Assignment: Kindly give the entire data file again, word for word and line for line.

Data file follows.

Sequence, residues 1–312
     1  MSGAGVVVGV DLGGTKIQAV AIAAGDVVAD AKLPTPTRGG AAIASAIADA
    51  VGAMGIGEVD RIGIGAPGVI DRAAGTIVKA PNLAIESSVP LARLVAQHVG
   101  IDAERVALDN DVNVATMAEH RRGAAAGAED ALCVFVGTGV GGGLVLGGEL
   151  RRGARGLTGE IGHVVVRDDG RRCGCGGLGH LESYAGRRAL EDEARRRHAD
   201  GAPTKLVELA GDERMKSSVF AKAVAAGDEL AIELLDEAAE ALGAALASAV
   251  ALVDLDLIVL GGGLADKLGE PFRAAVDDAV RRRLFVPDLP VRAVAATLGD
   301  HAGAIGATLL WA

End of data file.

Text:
Sequence, residues 1–312
     1  MSGAGVVVGV DLGGTKIQAV AIAAGDVVAD AKLPTPTRGG AAIASAIADA
    51  VGAMGIGEVD RIGIGAPGVI DRAAGTIVKA PNLAIESSVP LARLVAQHVG
   101  IDAERVALDN DVNVATMAEH RRGAAAGAED ALCVFVGTGV GGGLVLGGEL
   151  RRGARGLTGE IGHVVVRDDG RRCGCGGLGH LESYAGRRAL EDEARRRHAD
   201  GAPTKLVELA GDERMKSSVF AKAVAAGDEL AIELLDEAAE ALGAALASAV
   251  ALVDLDLIVL GGGLADKLGE PFRAAVDDAV RRRLFVPDLP VRAVAATLGD
   301  HAGAIGATLL WA